On Monday afternoon, the Orlando Magic did what many expected them to do for some time. They fired Head Coach Stan Van Gundy and announced that the organization and General Manager Otis Smith mutually decided to part ways.
Although the Magic have been ousted from the first round of the playoffs in each of the last two seasons, Van Gundy’s coaching ability can’t be questioned. Since being hired in 2007, Van Gundy led the Magic to a 259-135 record in five seasons. The Magic also made the postseason in all five of Van Gundy’s seasons, posting a 31-28 record. The Magic also won three Southeast Division titles and one Eastern Conference Championship under Van Gundy’s watch.
Van Gundy helped many NBA fans learn a different way of playing the game. His offensive strategy in Orlando was to take the league’s best big man in Dwight Howard and surround him with four shooters. When the Magic acquired Rashard Lewis in 2007, many wondered what the Magic would do with him considering they already had a Small Forward in Hedo Turkoglu. The Magic inserted Lewis into the Power Forward as a “Stretch Four” and immediate success followed. In Van Gundy’s first season, the Magic defeated the Toronto Raptors in five games in the first round of the playoffs, winning their first playoff series since 1996.
Van Gundy rode that style to an upset of both the defending champion Boston Celtics and the heavily favored Cleveland Cavaliers a year later, sending the Magic to the NBA playoffs where they lost to the Los Angeles Lakers in four games.
Van Gundy’s offensive philosophy showed that shooting a lot of three-pointers isn’t bad thing. In fact, it’s efficient! In Van Gundy’s five seasons, the Magic finished ninth, eighth, second, and 10th in offensive efficiency before falling to 14th in this injury plagued season. They finished second, third, second, sixth and fourth in effective field goal percentage during that same span.
For those that believe you can’t win playing that style (and many national pundits constantly say it), the Magic proved people wrong – they did win. They were in the 2009 NBA Finals and returned to the Eastern Conference Finals the next season. They have the fourth best record in the NBA over the last five seasons.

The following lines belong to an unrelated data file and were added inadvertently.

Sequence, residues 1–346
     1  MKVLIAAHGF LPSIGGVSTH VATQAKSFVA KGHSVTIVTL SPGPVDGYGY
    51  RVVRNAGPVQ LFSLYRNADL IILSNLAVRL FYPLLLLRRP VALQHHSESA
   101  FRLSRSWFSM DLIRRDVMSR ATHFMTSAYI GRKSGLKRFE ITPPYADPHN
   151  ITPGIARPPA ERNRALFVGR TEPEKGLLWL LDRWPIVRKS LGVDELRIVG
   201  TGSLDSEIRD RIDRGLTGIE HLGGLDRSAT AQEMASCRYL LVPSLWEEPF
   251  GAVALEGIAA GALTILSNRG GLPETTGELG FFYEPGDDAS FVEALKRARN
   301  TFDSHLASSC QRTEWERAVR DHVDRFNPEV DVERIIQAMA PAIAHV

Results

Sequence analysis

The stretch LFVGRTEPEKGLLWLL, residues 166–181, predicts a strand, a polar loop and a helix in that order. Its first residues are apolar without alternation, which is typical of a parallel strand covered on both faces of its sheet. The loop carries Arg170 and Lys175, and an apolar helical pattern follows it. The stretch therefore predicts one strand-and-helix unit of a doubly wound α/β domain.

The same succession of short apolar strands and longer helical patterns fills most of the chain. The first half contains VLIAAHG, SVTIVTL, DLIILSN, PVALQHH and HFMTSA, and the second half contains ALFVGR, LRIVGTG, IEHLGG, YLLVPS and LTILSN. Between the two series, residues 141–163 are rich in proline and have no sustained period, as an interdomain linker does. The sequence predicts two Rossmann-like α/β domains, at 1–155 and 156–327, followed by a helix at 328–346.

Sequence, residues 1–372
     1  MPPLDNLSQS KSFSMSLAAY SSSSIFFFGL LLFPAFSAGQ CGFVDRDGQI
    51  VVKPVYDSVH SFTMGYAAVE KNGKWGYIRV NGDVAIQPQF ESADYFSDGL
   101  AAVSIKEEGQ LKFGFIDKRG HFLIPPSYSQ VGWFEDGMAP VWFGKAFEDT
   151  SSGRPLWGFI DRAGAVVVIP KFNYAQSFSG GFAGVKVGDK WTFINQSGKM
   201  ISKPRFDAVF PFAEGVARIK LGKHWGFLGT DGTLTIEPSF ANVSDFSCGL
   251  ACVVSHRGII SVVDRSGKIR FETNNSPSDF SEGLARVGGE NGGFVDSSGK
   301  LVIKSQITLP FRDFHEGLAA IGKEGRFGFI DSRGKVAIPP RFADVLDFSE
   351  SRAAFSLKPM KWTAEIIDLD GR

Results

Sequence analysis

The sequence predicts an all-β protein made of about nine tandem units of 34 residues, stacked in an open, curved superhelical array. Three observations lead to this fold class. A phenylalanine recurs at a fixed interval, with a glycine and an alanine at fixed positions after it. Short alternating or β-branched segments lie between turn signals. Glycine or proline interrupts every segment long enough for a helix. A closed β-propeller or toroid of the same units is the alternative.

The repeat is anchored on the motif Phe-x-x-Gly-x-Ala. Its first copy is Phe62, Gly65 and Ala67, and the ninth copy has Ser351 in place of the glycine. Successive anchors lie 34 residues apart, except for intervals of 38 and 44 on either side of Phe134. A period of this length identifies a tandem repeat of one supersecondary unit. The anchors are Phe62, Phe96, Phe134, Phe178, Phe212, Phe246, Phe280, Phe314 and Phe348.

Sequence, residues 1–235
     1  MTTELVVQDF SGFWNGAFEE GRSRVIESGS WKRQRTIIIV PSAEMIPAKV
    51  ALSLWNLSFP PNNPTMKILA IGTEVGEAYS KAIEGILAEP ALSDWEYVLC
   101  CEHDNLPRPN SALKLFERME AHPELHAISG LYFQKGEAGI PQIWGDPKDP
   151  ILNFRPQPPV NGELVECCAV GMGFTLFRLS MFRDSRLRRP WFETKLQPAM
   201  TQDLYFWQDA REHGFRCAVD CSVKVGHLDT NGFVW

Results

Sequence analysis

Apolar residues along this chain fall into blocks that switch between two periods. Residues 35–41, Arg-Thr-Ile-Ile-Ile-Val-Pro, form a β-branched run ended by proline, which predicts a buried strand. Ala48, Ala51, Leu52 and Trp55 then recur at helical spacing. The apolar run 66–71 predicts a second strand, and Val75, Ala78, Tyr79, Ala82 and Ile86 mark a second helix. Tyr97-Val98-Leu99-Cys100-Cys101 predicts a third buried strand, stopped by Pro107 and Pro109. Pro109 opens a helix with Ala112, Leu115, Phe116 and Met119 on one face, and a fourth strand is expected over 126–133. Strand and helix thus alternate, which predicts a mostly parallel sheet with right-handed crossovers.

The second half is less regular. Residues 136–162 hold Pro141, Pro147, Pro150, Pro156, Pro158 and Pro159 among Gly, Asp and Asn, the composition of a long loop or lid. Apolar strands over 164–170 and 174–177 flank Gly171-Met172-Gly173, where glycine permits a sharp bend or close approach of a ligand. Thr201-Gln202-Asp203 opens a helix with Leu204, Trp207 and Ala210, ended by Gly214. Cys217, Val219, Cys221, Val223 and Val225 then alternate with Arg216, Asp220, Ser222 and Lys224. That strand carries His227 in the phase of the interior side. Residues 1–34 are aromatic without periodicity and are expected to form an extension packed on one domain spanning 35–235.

Plus, Van Gundy’s teams were even better on defense, finishing 11th, first, first, third and 13th in defensive efficiency during Van Gundy’s tenure.
Simply put, Van Gundy is the greatest coach in Orlando Magic history.
Magic CEO Alex Martins held a press conference to announce the decision.
Obviously, the immediate speculation was that this firing was more about Dwight Howard’s relationship with Van Gundy moreso than anything else. Of course, this all stems from Van Gundy’s admitting that he knew Howard asked management to fire him a few months back.
Martins denied that was the case.
“Yes their relationship was a challenge, but Dwight Howard never asked me to fire Stan Van Gundy,” Martins said.
Of course, Martins continued to say Howard never came to him to ask the team to remove Van Gundy. That doesn’t mean he didn’t have that discussion with former CEO Bob Vander Weide, Owner Rich DeVos or his son, Dan DeVos.
The relationship between the two has always seemed a little strained. Howard has publicly asked Van Gundy to lighten up and take it easy, something that clearly isn’t Van Gundy’s style.
“Stan is one of the best strategic coaches in the current NBA, but the job requires more than that,” Martins explained.
In fact, Martins even admitted the Magic “may not find anyone better” in terms of strategy than Van Gundy.
That comment makes things simple: The Magic want a player’s coach and that’s not who Van Gundy is. (Who is that guy? I went over some of the potential candidates to replace Van Gundy here.)
With most close to the situation are still of the belief Howard still wants out of Orlando, the moves doesn’t make a whole lot of sense.
Although the Magic may live to regret the day they let one of the league’s best coaches go, I’m not sure Van Gundy will. He was clearly tired of the drama and the situation in Orlando, as evidenced by his attitude towards the rumors about Howard and Van Gundy’s own job status over the last few months.
Plus, Van Gundy will have his pick of jobs. Whether he wants any of the current openings (Portland, Charlotte), wants to wait for a higher profile job to potentially open (Los Angeles Clippers), or even wants to join his brother on ESPN (please let this happen), he’s going to bounce back and probably do so quickly.
As for the Magic, they could have a long road ahead of them.
(Andrew Melnick is the ESPNFlorida.com Magic and NBA Insider, co-host of the ESPN 1080 Insiders Show and publisher of Howard the Dunk. The Insiders Show can be heard Sunday mornings at 10:00 am EST on AM 1080 in Orlando and on ESPNFlorida.com. You can follow Andrew on twitter here.)